Federal report alleges cover-up in UAF musk oxen deaths

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Please contact Dr. Gibbens and demand that he take immediate action against the University of Alaska, Fairbanks , for the starvation deaths of a dozen musk oxen.

Dr. Robert Gibbens
Director, Western Region
USDA/APHIS/AC
2150 Center Avenue
Building B, Mailstop 3W11
Fort Collins, CO 80526-8117
Robert.M.Gibbens@usda.gov 

http://www.thenewstribune.com/2011/10/11/1860533/uaf-musk-oxen-deaths-should-draw.html

Federal report alleges cover-up in UAF musk oxen deaths

By Becky Bohrer, Associated Press, TheNewsTribune.com, Tuesday, October 11, 2011

FAIRBANKS -- An animal rights group wants the University of Alaska Fairbanks investigated and fined following the deaths of at least a dozen musk oxen at the school's large-animal research station.

A U.S. Department of Agriculture inspection report, released this week by the group Stop Animal Exploitation Now, states the animals died or were euthanized because of chronic malnutrition and emaciation.

The report dated Aug. 30 says research staff was told not to contact the attending veterinarian about the health problems for fear of reprisal from the university's Office of Research Integrity, with which the veterinarian was also involved.

The group's executive director, Michael Budkie, has asked the USDA to investigate the school and to levy the largest fine possible. He said that could be hundreds of thousands of dollars.

University spokeswoman Marmian Grimes said most of the deaths in the report happened about a year ago and corrective action has been taken. She said the herd today is in good health, and breeding.

Musk oxen are ox-like animals that have a shaggy coat, horns that curve out and a musky odor. It wasn't immediately clear what types of studies the university is using them for. The school's website says its large-animal station provides a "unique facility for research and education" on musk oxen, caribou and reindeer.

The musk oxen deaths represented the biggest die-off from the school's herd since it was established more than 30 years ago. The deaths were blamed on a deficiency of trace minerals like copper and cobalt, which left the animals looking rugged and emaciated, despite the fact that they had free access to hay, Grimes said.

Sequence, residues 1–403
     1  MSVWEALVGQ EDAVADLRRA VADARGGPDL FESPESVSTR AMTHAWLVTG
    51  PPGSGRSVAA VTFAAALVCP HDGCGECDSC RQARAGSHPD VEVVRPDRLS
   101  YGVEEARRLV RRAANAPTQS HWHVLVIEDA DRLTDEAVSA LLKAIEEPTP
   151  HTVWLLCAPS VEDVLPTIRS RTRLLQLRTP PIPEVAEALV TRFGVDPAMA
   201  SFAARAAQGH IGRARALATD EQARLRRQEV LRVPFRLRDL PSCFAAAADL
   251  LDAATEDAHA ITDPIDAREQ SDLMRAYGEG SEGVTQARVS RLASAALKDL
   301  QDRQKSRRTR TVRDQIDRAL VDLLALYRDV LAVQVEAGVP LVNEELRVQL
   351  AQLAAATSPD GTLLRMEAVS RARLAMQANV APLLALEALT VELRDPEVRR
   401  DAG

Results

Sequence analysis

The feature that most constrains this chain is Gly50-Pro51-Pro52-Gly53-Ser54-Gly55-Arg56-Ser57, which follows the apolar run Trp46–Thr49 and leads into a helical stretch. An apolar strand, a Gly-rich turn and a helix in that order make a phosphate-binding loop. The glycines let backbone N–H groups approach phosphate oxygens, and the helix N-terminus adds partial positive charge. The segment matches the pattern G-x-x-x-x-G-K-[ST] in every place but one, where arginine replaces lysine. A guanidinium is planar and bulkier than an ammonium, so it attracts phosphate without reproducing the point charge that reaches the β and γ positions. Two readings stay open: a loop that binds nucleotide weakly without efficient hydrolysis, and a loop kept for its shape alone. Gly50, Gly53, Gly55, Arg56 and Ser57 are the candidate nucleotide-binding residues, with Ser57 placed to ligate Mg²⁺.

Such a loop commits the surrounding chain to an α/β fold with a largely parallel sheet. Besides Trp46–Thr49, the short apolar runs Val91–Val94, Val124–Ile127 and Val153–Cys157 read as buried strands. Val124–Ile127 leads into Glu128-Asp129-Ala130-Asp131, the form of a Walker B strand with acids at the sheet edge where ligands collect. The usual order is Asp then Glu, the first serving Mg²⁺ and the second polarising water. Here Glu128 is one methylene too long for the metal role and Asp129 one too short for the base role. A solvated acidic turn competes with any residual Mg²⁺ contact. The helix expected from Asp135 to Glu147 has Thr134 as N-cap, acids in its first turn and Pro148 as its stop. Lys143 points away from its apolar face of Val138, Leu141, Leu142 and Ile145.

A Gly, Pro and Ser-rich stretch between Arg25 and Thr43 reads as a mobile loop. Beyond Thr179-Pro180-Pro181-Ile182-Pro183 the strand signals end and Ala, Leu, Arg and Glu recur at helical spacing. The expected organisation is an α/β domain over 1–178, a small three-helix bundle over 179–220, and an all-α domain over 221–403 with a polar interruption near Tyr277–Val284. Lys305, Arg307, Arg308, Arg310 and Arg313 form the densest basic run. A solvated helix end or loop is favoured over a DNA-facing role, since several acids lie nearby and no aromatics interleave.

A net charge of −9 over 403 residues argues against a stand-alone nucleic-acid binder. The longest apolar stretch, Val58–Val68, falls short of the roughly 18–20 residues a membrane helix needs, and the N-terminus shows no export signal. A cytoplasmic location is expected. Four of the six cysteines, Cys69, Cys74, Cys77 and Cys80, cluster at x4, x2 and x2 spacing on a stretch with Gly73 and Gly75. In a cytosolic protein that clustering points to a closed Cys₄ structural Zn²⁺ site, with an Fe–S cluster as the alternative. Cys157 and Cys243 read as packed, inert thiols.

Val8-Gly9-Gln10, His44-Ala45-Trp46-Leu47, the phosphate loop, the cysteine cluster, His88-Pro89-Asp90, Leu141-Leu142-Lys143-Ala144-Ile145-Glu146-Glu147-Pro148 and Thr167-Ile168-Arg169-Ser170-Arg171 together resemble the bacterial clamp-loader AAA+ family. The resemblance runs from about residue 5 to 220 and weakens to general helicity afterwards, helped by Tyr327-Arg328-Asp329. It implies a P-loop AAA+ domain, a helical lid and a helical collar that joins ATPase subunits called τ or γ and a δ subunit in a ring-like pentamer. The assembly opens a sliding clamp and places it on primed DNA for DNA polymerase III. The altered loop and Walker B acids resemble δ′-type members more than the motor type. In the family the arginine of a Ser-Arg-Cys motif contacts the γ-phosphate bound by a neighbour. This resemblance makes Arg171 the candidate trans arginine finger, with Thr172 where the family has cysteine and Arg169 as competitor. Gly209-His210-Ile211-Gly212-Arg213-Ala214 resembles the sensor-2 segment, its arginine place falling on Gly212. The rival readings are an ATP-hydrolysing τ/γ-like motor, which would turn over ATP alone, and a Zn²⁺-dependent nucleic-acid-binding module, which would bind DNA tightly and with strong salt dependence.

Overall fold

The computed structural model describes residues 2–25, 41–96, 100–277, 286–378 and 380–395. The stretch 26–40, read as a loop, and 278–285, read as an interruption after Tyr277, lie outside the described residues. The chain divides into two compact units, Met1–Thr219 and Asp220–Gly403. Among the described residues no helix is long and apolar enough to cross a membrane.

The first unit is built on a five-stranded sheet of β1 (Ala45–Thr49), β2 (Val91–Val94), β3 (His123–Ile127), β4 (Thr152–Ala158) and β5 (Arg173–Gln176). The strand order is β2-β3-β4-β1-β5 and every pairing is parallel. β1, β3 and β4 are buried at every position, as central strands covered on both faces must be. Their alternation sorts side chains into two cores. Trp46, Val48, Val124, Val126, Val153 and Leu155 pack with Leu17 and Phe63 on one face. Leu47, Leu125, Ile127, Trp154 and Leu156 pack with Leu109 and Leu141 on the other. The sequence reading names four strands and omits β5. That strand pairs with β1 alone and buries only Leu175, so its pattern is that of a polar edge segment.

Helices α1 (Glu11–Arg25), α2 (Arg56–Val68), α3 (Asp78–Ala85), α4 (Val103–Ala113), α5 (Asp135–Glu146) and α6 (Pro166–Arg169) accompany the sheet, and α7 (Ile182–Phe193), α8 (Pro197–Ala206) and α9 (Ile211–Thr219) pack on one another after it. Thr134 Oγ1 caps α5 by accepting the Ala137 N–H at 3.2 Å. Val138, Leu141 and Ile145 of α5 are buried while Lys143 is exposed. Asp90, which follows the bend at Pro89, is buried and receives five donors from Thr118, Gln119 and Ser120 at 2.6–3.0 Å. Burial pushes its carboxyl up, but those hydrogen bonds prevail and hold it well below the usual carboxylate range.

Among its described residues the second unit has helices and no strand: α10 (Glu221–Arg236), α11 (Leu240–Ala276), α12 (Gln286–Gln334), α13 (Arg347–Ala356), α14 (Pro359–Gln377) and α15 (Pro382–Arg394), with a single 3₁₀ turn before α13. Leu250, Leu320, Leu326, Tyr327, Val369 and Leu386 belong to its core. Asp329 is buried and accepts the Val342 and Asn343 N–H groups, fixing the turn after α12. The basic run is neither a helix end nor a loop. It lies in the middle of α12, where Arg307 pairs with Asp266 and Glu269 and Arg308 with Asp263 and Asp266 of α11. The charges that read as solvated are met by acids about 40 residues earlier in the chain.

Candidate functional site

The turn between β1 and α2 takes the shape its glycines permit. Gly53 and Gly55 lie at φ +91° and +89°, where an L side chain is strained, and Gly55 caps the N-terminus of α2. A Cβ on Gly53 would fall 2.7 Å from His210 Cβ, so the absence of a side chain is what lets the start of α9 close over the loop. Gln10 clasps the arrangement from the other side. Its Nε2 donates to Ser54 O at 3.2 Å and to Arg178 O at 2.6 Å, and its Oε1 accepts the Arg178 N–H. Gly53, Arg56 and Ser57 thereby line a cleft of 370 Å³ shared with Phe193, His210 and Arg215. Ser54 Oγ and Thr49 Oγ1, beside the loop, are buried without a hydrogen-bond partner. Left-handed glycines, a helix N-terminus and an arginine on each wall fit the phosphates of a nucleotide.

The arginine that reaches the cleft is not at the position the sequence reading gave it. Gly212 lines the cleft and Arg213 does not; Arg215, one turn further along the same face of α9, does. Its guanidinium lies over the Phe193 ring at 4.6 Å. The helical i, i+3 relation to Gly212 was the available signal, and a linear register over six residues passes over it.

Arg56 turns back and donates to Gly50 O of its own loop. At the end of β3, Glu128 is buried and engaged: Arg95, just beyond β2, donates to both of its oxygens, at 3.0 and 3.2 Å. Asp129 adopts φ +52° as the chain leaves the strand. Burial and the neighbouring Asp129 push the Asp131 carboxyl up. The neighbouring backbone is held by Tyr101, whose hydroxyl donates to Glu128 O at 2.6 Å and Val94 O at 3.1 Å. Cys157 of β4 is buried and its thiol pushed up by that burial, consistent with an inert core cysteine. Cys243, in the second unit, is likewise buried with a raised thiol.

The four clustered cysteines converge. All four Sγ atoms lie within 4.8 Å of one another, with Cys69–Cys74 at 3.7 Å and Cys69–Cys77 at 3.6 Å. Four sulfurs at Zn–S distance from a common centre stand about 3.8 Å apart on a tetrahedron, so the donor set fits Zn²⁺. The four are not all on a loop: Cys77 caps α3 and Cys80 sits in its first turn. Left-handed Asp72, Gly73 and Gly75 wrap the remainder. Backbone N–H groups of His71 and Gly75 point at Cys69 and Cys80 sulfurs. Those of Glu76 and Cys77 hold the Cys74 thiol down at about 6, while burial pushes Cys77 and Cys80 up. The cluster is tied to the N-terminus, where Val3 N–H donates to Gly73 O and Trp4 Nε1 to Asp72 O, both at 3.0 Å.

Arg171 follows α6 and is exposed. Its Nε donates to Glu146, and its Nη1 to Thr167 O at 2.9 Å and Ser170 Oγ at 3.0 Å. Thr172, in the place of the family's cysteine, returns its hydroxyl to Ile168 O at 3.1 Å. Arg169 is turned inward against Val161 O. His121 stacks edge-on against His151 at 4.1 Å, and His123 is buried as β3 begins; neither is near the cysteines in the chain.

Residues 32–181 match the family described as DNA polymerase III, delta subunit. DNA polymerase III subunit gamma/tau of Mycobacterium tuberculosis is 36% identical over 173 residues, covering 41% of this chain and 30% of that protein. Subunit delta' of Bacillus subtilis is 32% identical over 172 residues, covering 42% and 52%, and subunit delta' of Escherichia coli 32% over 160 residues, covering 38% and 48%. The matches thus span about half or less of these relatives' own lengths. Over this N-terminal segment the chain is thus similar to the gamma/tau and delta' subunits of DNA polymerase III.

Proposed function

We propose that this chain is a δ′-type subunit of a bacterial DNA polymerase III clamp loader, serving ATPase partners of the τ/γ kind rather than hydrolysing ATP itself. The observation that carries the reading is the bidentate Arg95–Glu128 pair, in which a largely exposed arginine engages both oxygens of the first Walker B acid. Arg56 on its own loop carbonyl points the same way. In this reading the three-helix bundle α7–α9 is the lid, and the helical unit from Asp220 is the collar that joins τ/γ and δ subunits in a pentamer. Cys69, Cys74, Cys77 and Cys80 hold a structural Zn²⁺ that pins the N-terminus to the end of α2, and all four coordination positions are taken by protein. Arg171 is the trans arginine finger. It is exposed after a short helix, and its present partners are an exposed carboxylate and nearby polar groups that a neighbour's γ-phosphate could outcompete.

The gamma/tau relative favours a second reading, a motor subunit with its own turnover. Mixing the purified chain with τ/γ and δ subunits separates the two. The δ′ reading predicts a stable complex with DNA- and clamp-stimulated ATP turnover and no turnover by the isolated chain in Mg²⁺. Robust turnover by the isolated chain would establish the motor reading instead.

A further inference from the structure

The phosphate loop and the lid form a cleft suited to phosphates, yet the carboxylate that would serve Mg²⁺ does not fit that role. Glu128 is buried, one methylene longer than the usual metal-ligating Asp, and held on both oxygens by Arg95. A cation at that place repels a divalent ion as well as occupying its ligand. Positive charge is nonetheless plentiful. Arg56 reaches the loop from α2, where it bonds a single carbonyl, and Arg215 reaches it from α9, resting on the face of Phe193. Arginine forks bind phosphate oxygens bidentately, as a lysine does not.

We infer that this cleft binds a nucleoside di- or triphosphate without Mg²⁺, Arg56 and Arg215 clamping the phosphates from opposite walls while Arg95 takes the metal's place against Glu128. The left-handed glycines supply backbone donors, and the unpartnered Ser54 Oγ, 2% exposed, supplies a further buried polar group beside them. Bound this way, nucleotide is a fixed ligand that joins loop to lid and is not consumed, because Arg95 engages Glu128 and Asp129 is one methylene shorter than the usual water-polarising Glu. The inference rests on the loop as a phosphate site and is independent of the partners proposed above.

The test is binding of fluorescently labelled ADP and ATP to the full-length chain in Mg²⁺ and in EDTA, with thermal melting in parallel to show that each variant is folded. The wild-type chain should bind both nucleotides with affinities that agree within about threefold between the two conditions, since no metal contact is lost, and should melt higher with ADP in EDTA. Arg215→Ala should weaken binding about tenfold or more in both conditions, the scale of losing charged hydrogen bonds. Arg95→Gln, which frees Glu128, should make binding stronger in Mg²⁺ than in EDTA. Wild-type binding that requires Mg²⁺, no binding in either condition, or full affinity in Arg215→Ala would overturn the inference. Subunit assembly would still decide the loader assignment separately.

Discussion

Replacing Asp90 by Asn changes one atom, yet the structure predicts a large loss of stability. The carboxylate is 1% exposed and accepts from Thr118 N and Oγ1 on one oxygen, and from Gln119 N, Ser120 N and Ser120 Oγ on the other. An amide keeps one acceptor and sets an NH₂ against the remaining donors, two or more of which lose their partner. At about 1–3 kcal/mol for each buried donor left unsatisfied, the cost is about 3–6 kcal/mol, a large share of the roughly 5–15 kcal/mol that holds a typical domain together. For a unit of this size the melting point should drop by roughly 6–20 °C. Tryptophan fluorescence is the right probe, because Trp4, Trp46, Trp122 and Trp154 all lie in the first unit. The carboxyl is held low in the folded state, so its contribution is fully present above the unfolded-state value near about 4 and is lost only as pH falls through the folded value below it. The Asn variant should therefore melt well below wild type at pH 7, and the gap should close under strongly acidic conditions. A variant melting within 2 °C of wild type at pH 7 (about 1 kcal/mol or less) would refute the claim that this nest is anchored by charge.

As soon as the problem was identified, the surviving animals were given copper supplementation and the university brought in consultants to try to ensure the problem didn't repeat itself, Grimes said.

One of the big changes arising from that, she said, is a new way of reporting animal-health concerns. The chain of command in the past went from the animal care staff to researchers to the veterinarian. Now, Grimes said, the veterinarian oversees the animals' care and is no longer involved with the Office of Research Integrity.

"The goal is to make sure the animals are being taken care of properly," she said. "We're all interested in the same thing."

The report detailed a routine inspection, Grimes said. The last USDA inspection was done shortly before the animals' health declined rapidly, she said.

The university has not been fined or sanctioned as a result of the incident, she said. The USDA was aware of the situation as it unfolded, Grimes added.

Budkie said Tuesday that the university is saying what one would expect and that he isn't letting up in seeking an investigation and fine by USDA. He received an email from a regional director with USDA's Animal and Plant Health Inspection Service Tuesday, saying, in part, that the agency would look into his concerns and "take appropriate action if necessary."

"They should be penalized to the maximum that the law allows," Budkie said.

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